Mediocratopia: 9

This entry is part 9 of 9 in the series Mediocratopia

We often conflate quality with excellence, to the point that the term quality mediocrity seems like an oxymoron, and mediocre quality seems like the same thing as poor quality. But quality and excellence are not the same thing, and mediocrity and quality are not mutually exclusive. Excellence is synonymous with quality only under behavioral regimes governed by an optimizing sensibility, operating on a closed and bounded notion of what the kids these days seem to be calling fitness-to-purpose. What does it map to when you’re mediocratizing rather than optimizing? I have an answer: fatness. Or for the kids, fitness-to-purposelessness.

Public domain fat cat caricature. From Trade Union Unity Magazine (September 1925)

Fatness is the systemic condition created by a mediocre response to abundance. In the opener for this blogchain, I linked to a bunch of my older writing about fat thinking, but I didn’t construct a notion of quality out of that attribute. Let’s do that now.

The short version: Fatness is embodied abundance. Or if you like clever lines: Fatness is future-fitness.

To see why this is a good definition of quality, consider the difference between optimization and mediocratization (which I covered with a bit of technical detail in part 4). The main difference is that the former solves for a certain finite notion of fitness with respect to a set of known variables of known significance. The latter on the other hand, reserves potential for future dimensions of currently unknown significance.

Fat is reserves against the future, so a quality mediocrity has fat, or better still, quality in mediocrity is fat. Low quality systems can be low quality in three ways: they can be low-fat, high-excellence (a heavily downsized corporation that has managed to lay off/retain the right people), high-fat, low-excellence (fat bureaucracies), or low-fat, low-excellence (the Trump administration, which has struggled both to fill roles, and meet standards of competence in the roles it does fill). High-fat, high-excellence is high quality.

Of course, you have to draw your system boundaries properly. A zero-percent body fat person may be in either a low or high quality body state depending on whether they are starving in the desert, or an athlete in training, with a well-stocked fridge. The former is truly zero-fat in the sense of embodying a low-quality condition. The latter simply stores fat outside their body, in the refrigerator.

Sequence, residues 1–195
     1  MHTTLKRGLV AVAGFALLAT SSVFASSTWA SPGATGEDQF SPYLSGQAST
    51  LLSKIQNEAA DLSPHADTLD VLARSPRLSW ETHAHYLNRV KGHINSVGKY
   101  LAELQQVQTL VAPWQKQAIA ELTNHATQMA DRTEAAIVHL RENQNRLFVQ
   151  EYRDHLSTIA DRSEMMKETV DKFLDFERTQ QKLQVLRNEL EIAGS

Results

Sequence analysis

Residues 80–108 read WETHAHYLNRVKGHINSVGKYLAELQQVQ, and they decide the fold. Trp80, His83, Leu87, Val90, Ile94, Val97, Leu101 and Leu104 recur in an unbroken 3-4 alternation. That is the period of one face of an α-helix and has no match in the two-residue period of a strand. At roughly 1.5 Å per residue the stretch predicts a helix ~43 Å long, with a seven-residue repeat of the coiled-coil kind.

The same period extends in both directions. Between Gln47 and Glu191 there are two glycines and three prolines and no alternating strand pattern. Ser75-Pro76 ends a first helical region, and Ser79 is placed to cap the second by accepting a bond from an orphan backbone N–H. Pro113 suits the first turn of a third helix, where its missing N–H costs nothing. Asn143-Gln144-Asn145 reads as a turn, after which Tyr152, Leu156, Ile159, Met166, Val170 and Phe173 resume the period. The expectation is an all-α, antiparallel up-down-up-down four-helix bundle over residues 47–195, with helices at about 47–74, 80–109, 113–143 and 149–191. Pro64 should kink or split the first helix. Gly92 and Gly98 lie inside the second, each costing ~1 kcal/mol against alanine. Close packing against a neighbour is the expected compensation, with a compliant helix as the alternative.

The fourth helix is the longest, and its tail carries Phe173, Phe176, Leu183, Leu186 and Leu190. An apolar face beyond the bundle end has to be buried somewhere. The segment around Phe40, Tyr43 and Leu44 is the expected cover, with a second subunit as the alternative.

Where is the fat stored? is a generally important question to ask about systems. A system with no visible fat storage, or only degenerate/empty ones, is a system on the brink of failure. If it isn’t failing, then you drew the system boundary wrong, and missed a structural link to a fat store.

The answer to where is the fat stored is generally a portion of the design space that has the carrying capacity, has the capability to act as a battery of sorts, and is not of critical importance in known behavioral regimes. In the human body, loaded adipose tissue has a role to play in functions like thermal regulation and basic energy storage across the normal feeding cycle, but those needs are easily fulfilled by modest amounts of fat. We aren’t camels in the desert. We don’t need humps anymore than we need sixpacks. So why is the body capable of embodying such a huge range of fatness? Why does fatness management have to be a culturally learned behavior rather than something regulated by genes?

You can ask the question of any evolved system. Where is the fat? Why? What determines carrying capacity? How is that set or reset? How is it deposited and withdrawn? How liquid is it?

Batteries require design, and their charged state isn’t a featureless condition of philosophical potential. It is a tangible physical state. In mathematical terms, “fat” is non-degenerate value bindings in variables that might be degenerate under optimizing conditions. Fat “tissue” in systems besides bodies is typically marked by unnecessary development.

Structurally, systemic fat is marked by adjectives like baroque, overwrought, and busy design. Behaviorally, fat is play. Functionally, fat is underutilization. In all manifestations, structural, behavioral, or functional, fat strikes us as wastefulness amid abundance.